Today’s interview is with Cat, American expat who is living in Spain. Cat left the skyscrapers of Chicago for the olive groves of southern Spain in 2007. Eight years, three jobs and a husband later, she directs academic programs and blogs about tapas and travel in Spain at Sunshine and Siestas.
When did you move to Seville and why?
After studying abroad in northern Spain during university, I was keen to return to the siestas and tapas culture for a year but would have settled for living abroad in just about any country.
After weighing a few work exchanges and my goals for the 12 months abroad – become fluent in a language, live somewhere warmer than my native Chicago and have the opportunity to travel – I decided to apply to a teaching program in Spain. I had absolutely no experience but was eager to take up residence in Andalusia.
As a North American, I had a few bureaucratic hoops to jump through, and I figured a program that provided me with a visa would ultimately work better. The teaching gig, a collaboration between the Spanish Ministry of Education and the US Government, places teaching assistants in public schools around the country, so I didn’t choose Seville – someone chose it for me!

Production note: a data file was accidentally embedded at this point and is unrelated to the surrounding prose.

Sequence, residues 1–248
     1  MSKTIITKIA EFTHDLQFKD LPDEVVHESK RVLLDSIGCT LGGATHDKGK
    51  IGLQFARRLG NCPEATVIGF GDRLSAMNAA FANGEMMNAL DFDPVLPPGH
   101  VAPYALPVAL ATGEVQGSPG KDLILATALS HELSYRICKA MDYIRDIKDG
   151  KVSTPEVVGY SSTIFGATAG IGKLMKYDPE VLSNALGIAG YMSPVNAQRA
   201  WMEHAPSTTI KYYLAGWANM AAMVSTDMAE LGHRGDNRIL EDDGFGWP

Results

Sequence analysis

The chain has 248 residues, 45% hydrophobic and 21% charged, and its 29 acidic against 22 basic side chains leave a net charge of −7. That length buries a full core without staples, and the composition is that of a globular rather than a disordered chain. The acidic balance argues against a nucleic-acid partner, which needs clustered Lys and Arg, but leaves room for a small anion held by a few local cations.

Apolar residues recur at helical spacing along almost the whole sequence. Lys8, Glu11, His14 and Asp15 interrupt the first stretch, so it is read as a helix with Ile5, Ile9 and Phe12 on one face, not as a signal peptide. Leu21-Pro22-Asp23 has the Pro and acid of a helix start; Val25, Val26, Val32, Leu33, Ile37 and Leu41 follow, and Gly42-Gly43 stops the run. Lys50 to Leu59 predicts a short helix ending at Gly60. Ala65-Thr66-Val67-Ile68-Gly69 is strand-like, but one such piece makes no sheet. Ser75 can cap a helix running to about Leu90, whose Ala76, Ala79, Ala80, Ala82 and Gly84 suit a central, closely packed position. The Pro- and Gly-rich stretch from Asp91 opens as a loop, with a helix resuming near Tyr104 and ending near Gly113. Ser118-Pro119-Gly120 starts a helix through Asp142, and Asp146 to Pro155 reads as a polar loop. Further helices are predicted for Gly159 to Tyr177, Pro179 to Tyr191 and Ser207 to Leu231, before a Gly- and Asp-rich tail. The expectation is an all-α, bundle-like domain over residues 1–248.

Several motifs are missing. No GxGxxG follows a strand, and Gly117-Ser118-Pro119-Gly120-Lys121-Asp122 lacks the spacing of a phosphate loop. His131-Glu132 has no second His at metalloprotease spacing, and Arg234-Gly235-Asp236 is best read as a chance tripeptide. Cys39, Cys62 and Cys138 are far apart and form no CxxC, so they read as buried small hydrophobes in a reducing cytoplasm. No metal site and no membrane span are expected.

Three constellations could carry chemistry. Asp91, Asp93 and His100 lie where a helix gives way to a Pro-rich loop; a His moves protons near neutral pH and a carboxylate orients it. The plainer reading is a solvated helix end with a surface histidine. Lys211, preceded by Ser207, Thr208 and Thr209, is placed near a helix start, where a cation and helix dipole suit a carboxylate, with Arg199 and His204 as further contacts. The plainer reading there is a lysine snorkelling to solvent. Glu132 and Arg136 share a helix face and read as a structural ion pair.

What are some of the bigger differences you adjusted to in Spain?
At the beginning, everything seemed like an overwhelming adjustment, from the language to the Spanish way of queueing up for everything. I was barely 22 and fresh out of school, so tasks that I’d normally do with ease in the US, like setting up a bank account or calling to have wifi installed in my flat, were daunting.
I loved the warm weather but shivered through the winter in a house with no central heating. I struggled with bureaucratic matters and found myself – the eternal optimist – feeling angsty about everything in my life. And I missed my family a lot.
It took meeting a few friends to get acclimated and start enjoying life in Spain. I was determined to make it at least a school term, and I’m grateful my stubbornness kicked in!
What are some things that Spain does better than the US?
There are loads! Spaniards linger over meals and even have a word, sobremesa, for after lunch musing, and they use fresher products. Time is always found to be with family and friends (probably because Spanish TV is rubbish and Netflix only recently arrived), and in most places, the weather allows you to be outdoors often. Spaniards are passionate, traditional and friendly, so even a big city like Seville can feel like a community.
How did you make Spain feel like home when you first moved here?
Making Spain feel like home was really difficult at the beginning – apart from language issues and not making friends right away, I was trying to get a grip on the magnitude of my decision. Facebook and messenger became my enemies as I watched my friends start careers and meet new people. I spent the first month miserably alone, even packing on a few kilos. My mental health suffered, and I felt that I had made a mistake.